Just recently, I have heard from a few nurses that utilized local attorneys to handle their cases before the BON. These attorneys are not administrative lawyers and have little or no experience with the BON. I am speaking to the nurses because they are either not satisfied with their legal representation or the local attorney has told them that they are unsure of what to do next with the BON. When choosing an attorney (for the BON, for a property issue, family law, whatever the issue), do a little research and chose experience. Frequently, hiring an experienced attorney will not cost more or it may actually cost less (One of the nurses had already paid a local attorney TWICE what I charge and the case was still pending). Be sure to Google the attorney's name and see what they list as their experience, check them out on the State Bar of Texas, and ask questions when you talk to them. My clients come from all over the state of Texas and the nation. They do not have to live in Austin for me to represent them before the Texas Board of Nursing.
I use the same thought process when choosing a doctor. If I have an idea of what area is affected and it is serious, I will go see a specialist rather than my regular GP (my insurance company allows me to choose). The cost is almost the same, but I am seeing the specialist rather than being referred later on. Think of it as cutting out the middle man.
Just my Thoughts and Opinion.
Wednesday, January 21, 2009
I see daily the intense anguish nurses go through when they have made an error or are accused of making an error. The error may be a medication error, a documentation error, an assessment error etc.; it does not matter which type, the emotional trial is the same. Nurses, even those that have done nothing wrong, begin to question their skills and knowledge. Insight is a good thing, but too frequently, the nurse experiences deep emotional impact from someone questioning their nursing practice.
RN magazine has an article in the December 2008 issue, "Sharing the load of a nurse "second victim 'Rescuing the healer after trauma'", that discusses this problem. It is helpful for nurses to be familiar with the issue because if you have been lucky enough to never have had scrutiny of your practice, you need to know what your colleague may be going through in order to be supportive.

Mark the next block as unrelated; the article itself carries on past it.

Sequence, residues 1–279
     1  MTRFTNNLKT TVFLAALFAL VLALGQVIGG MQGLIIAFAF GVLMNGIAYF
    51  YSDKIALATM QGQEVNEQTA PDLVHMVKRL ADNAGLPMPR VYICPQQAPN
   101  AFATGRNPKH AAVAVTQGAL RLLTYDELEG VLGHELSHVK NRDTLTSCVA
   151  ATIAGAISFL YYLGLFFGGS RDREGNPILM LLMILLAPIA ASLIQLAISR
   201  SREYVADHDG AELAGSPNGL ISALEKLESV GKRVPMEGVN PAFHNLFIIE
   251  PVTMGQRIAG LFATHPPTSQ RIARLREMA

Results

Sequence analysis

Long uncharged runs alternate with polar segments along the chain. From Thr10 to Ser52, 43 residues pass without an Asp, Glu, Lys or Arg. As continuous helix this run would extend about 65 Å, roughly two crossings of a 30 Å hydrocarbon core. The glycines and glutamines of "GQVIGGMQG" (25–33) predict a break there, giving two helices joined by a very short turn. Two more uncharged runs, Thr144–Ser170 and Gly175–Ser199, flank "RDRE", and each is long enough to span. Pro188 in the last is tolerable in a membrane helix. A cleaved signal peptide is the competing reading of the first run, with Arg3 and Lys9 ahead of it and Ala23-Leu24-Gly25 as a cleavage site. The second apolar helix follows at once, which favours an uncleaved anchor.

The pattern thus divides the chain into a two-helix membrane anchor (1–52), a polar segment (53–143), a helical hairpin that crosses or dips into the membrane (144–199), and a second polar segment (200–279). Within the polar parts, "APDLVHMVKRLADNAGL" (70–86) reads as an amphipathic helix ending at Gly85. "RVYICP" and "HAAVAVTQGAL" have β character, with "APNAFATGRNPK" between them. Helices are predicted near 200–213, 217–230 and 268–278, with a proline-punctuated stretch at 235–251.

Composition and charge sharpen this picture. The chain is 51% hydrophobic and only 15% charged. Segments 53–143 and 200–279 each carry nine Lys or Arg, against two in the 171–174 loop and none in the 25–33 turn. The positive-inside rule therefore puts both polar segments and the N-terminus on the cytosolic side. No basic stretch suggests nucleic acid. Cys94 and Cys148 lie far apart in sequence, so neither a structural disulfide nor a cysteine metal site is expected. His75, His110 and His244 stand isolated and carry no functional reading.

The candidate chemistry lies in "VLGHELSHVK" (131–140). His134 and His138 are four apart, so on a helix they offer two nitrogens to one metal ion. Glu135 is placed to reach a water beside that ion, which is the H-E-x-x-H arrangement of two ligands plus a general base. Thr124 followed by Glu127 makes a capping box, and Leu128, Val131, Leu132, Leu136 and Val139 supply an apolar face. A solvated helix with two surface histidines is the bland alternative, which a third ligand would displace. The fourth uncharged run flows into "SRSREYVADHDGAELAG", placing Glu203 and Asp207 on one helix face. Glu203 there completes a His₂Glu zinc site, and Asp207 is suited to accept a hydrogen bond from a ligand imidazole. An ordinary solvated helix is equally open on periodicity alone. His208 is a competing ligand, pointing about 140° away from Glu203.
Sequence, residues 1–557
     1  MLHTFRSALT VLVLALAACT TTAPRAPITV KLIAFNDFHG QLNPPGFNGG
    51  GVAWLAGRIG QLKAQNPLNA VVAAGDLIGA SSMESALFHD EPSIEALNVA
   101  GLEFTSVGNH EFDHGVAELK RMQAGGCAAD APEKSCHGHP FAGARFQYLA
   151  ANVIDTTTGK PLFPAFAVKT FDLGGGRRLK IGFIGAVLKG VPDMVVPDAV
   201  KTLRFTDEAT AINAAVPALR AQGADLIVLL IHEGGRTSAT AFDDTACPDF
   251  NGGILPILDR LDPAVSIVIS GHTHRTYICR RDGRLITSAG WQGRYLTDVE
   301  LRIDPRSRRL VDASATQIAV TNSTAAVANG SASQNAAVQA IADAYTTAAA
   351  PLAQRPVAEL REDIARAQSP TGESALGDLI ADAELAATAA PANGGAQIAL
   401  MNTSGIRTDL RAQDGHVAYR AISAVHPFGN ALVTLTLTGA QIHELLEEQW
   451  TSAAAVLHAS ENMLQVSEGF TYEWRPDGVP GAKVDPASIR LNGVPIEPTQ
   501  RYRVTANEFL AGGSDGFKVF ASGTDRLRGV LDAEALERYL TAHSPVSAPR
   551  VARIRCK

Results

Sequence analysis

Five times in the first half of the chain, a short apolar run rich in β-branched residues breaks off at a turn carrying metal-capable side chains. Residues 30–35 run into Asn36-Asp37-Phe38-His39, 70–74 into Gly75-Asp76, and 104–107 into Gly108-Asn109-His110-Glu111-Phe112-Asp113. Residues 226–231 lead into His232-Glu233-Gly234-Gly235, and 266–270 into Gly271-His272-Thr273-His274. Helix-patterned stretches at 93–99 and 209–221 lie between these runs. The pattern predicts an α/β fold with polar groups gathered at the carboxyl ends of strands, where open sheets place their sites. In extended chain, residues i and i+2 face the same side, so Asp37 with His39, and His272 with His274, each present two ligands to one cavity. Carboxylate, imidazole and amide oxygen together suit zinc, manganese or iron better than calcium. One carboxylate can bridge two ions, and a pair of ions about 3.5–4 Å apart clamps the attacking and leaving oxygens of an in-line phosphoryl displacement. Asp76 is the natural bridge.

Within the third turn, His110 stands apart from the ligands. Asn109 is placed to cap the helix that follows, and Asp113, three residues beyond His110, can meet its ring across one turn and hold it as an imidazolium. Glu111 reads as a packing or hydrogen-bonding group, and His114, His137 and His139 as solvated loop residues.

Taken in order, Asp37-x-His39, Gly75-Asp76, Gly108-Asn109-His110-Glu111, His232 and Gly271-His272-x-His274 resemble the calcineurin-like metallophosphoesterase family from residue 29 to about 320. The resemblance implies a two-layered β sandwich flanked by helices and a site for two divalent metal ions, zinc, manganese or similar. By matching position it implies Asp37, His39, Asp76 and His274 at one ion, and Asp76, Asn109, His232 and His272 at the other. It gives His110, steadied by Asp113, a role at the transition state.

How nurses treat each other is crucial to a good work environment and to the progression forward of the nursing career. All nurses must treat each other with respect, even if you do not always agree. This is being a professional and to elevate the profession, nurses must be seen by all as professionals.
Friday, January 9, 2009
You may have read my other posts regarding malpractice insurance but as I sit here reading the news, I have to say it again - Get Insurance Now!
The economy is in tough times, which means it is not a good time to have concerns about keeping your job. The Nursing Board is asking for additional funds this Legislative session in order to hire more staff to process complaints. Complaints against nurses have increased and most of these involve minor errors or incidents (in other words, these are not "bad" nurses). It is peace of mind to have insurance that will pay for your legal representation before the Board and your expenses and the yearly premiums for insurance are very cheap.
To make it easier for you and because so many are still not getting insurance, I did a quick search for nursing malpractice insurance and the following are companies that you can contact to inquire about insurance (I do not work for these companies and this list is by no means exhaustive since I did not look much past the first page, it is just a way to get you moving on getting insurance and you should definitely check out many policies to be sure you get the best fit):
Be sure to ask questions about the insurance policy:
Do you cover nurses in Texas? In ______ specialty area?
Can you pick your own attorney (important) or is one assigned?
What are the coverage limits (there needs to be at least $10,000 for licensure cases, but more is better in case there is a drawn out hearing)?
Does the policy cover administrative/licensure actions (VERY important)?
What expenses are covered under the policy?
Friday, January 2, 2009
Please Help Victoria Berry: She has always helped in the past and now she needs help
Many of you know Victoria Berry, MSN, RN from her work at the Texas Medical Board in the 1990s and in her subsequent role as a private sector health care consultant. She has been a part of the health care community for many years including service as a DON and as a registered nurse in long-term care facilities where she practiced as a wound care specialist. Victoria has been a long-time advocate for nurses and has freely given her time to help nurses in need. Victoria has also been a force in animal rescue donating both time and money to help dogs, cats, donkeys and horses.
In November of 2007, Victoria was diagnosed with Inflammatory Breast Cancer (IBC). This form of cancer is particularly resistant to treatment and often carries a bleak prognosis. IBC is a very rare cancer representing 1% of breast cancer diagnoses.
Little is known about IBC and clinical studies are desperately needed to offer hope to those who are currently suffering from it and to save those who will be afflicted in the future. MD Anderson opened the first IBC clinic to focus on the research and treatment of IBC, and is embarking on an experimental study specifically targeting Victoria¹s type of cancer. Victoria continues to fight the disease and has been accepted into the program.
A fund has been set up to assist Victoria and her family. If you are willing and able to help, contributions can be made through the Classic Bank of Giddings. No amount is too small to make a difference.
Contributions can be made in person, by mail, or electronically. Please use the information below to help Victoria as well as others who may be diagnosed with this insidious form of cancer and who may ultimately benefit from the results of the clinical study.
> Bank Info:
> Donation Account for Victoria Berry
> c/o Classic Bank of Giddings
> Attn: Kathy (New Accts.)
> P.O. Box 820
> Giddings, Texas 78942
For questions regarding electronic contributions, call the Classic Bank at (979) 542-6666.